The invasion of Ukraine has raised some difficult questions about human rights

In both, Russia and Ukraine, the people’s right to civilian existence has been taken away

By Sumita Dasgupta
Published: Thursday 29 September 2022
Ukrainian refugees in Belarus. File photo: iStock.
Ukrainian refugees in Belarus. File photo: iStock. Ukrainian refugees in Belarus. File photo: iStock.

A strident battle cry jolted the global community out of its post-pandemic slumber February 24, 2022. It was a midnight message from the Russian President Vladimir Putin declaring war on the country’s erstwhile Soviet co-partner, Ukraine.

In reality, the world was on the brink of a World War. I must admit I was terrified. The Ukraine-Russia imbroglio was only a minuscule part of my concern. After all, Russia had been stalking Ukraine since 2014. President Putin had refused to accept the independent statehood of Ukraine.

What numbed my senses was the brazen disregard for people’s fundamental human rights that these global leaders are supposed to represent.

President Putin got away with a mild rebuke from international authorities even after he justified his military intervention as a necessary step to ensure the security and safety of his people. They had been subjected to genocide, he roared and then directly addressed his army to target the most densely populated civilian hotspots in Kyiv.

Hypocrisy, as you can see, rules the roost. And the perpetrators are the global messiahs. Take the war’s refugees, for instance. People who have been stripped off all assets and are quite literally caught between crossfires.

The media covers them constantly. So, the visibility quotient in these zones is several notches higher than in the rest. 

No wonder stories of billions of dollars being spent on them germinate here for bolstering their livelihood prospects and for significant international platforms to be made available to them and their spokespersons to negotiate on their behalf.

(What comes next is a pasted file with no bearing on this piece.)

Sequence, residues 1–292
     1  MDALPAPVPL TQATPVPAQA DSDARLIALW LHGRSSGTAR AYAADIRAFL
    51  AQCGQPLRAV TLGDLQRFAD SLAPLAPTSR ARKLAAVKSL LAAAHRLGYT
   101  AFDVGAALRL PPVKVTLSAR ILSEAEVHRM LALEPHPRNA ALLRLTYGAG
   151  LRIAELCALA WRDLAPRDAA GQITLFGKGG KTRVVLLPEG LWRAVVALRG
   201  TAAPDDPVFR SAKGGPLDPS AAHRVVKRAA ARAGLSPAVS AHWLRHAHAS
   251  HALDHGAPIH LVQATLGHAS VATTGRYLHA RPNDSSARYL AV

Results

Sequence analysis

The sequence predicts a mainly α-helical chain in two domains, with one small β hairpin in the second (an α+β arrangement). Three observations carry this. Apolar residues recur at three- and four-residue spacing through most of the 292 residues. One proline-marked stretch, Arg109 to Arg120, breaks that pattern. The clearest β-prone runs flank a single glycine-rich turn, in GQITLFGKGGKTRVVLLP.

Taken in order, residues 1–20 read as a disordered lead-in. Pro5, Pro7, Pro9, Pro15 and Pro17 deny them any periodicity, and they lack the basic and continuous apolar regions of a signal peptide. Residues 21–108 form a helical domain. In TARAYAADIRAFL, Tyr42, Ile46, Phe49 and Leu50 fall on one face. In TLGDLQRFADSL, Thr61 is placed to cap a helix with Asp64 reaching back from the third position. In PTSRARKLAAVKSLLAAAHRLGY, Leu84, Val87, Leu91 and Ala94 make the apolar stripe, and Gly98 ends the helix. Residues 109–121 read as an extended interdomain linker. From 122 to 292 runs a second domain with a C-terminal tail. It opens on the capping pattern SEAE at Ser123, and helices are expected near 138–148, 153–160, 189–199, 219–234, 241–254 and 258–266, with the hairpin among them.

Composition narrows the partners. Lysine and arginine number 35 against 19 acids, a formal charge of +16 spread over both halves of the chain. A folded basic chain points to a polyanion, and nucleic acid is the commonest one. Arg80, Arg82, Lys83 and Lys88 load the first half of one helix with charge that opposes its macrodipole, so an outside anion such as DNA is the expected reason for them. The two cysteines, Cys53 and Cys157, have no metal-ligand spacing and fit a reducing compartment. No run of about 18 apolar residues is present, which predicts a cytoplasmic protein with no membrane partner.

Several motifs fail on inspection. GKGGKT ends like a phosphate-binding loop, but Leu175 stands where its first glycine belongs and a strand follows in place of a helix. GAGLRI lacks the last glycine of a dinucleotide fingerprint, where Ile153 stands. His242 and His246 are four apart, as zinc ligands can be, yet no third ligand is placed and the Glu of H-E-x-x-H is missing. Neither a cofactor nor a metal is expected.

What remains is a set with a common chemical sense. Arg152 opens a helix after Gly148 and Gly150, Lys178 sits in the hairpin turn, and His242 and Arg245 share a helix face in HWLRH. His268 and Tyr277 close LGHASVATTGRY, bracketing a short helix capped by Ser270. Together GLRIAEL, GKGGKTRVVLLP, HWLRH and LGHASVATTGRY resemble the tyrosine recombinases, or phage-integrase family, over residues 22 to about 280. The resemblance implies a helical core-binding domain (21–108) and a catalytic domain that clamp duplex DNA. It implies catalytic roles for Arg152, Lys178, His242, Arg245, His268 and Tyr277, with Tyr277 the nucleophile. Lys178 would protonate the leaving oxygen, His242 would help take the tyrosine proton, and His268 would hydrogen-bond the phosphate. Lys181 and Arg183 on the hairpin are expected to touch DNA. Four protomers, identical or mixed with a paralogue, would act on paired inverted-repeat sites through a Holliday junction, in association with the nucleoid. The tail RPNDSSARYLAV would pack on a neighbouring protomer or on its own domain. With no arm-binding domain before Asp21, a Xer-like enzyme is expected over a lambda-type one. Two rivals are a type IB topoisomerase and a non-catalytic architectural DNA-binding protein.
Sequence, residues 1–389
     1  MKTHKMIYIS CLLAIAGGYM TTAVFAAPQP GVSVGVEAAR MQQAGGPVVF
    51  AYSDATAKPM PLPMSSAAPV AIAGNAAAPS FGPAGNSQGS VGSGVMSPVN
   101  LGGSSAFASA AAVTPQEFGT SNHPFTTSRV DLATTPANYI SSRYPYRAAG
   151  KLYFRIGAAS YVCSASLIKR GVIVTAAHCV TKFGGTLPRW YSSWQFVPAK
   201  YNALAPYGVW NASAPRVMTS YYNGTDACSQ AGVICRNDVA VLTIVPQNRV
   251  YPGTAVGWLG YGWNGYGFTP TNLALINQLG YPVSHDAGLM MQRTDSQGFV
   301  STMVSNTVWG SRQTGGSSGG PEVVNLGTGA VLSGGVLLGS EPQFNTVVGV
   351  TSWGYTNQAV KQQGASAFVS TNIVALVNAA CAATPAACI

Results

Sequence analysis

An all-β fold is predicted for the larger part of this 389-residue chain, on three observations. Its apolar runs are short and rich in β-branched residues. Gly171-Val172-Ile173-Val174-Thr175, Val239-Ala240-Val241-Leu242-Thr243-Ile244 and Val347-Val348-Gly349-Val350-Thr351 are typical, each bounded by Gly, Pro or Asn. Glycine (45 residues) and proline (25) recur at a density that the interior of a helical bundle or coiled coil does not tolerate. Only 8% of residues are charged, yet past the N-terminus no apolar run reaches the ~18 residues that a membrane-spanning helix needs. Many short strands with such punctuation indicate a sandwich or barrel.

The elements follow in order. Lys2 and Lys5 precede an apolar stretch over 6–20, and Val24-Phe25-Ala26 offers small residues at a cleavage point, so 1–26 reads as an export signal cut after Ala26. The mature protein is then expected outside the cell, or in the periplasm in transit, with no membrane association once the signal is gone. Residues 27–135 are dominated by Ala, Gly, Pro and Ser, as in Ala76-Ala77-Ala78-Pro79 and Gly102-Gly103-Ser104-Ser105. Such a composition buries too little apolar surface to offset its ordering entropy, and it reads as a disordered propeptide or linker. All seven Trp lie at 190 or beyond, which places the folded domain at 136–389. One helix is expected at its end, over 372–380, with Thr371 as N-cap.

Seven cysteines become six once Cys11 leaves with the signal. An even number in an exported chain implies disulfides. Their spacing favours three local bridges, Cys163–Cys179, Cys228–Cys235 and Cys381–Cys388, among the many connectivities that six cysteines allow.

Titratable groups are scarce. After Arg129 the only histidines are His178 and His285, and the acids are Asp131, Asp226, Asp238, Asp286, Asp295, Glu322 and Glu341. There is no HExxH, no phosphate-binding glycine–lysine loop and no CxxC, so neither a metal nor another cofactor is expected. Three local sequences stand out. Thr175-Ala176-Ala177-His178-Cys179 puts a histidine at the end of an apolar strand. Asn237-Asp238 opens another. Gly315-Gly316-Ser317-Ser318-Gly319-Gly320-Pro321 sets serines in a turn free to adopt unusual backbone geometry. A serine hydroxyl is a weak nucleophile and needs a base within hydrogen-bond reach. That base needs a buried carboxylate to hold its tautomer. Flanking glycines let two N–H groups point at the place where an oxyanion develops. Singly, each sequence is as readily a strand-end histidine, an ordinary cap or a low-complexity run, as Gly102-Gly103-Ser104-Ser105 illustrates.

Despite all the efforts, their lot never seems to improve. They always remain ‘desperately poor’ and ‘desperately persecuted’. A peek into one of such shows being performed by none other than the US President himself is enough evidence to find an answer.

Joe Biden ranted about economic sanctions to be levied on Russia. Some folks from the media raised a query about an initiative launched by the allies to create human corridors across the embattled zone to transport human cargo to safety.

Biden was unprepared and was not at all happy about the change of topic. He then came up with a long-winded reply. The basic message was: “Urge your governments to help us shut those gas supply lines and then we shall see.”

The Russia-Ukraine fracas has brought some difficult questions to the fore. The most meticulously researched constitution of a country, with every detail in place, cannot ensure the well-being of its people.

It might be a bundle of blank sheets of paper if the foundation has not been laid already, of a growing rank of active, informed and politically literate citizens.

In Russia and Ukraine, the people’s right to civilian existence has been taken away. History has always perceived civilian deaths as a failure of the system. Now, the body count is flaunted as trophies.

Sumita Dasgupta is an independent professional and former editor, Gobar Times 

Views expressed are the author’s own and don’t necessarily reflect those of Down To Earth

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